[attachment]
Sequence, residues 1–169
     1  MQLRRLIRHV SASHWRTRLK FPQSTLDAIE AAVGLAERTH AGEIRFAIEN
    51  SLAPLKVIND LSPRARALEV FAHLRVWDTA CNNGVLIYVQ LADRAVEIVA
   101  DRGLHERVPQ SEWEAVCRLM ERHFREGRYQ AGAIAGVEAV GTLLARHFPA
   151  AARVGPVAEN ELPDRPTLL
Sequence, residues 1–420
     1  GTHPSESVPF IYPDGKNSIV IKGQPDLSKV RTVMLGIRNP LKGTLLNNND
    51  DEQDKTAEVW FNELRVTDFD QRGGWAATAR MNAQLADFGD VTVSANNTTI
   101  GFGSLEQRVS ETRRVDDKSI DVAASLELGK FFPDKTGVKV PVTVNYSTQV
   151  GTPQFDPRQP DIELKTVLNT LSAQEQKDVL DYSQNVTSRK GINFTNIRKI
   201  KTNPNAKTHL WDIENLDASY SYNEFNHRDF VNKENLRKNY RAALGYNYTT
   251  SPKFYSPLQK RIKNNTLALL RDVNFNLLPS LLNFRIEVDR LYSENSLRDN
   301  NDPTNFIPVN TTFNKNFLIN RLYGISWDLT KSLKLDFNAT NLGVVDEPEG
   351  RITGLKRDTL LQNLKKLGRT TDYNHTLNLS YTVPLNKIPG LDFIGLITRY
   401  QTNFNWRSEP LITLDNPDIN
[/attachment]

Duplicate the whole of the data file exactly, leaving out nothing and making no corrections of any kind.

Sequence, residues 1–169
     1  MQLRRLIRHV SASHWRTRLK FPQSTLDAIE AAVGLAERTH AGEIRFAIEN
    51  SLAPLKVIND LSPRARALEV FAHLRVWDTA CNNGVLIYVQ LADRAVEIVA
   101  DRGLHERVPQ SEWEAVCRLM ERHFREGRYQ AGAIAGVEAV GTLLARHFPA
   151  AARVGPVAEN ELPDRPTLL
Sequence, residues 1–420
     1  GTHPSESVPF IYPDGKNSIV IKGQPDLSKV RTVMLGIRNP LKGTLLNNND
    51  DEQDKTAEVW FNELRVTDFD QRGGWAATAR MNAQLADFGD VTVSANNTTI
   101  GFGSLEQRVS ETRRVDDKSI DVAASLELGK FFPDKTGVKV PVTVNYSTQV
   151  GTPQFDPRQP DIELKTVLNT LSAQEQKDVL DYSQNVTSRK GINFTNIRKI
   201  KTNPNAKTHL WDIENLDASY SYNEFNHRDF VNKENLRKNY RAALGYNYTT
   251  SPKFYSPLQK RIKNNTLALL RDVNFNLLPS LLNFRIEVDR LYSENSLRDN
   301  NDPTNFIPVN TTFNKNFLIN RLYGISWDLT KSLKLDFNAT NLGVVDEPEG
   351  RITGLKRDTL LQNLKKLGRT TDYNHTLNLS YTVPLNKIPG LDFIGLITRY
   401  QTNFNWRSEP LITLDNPDIN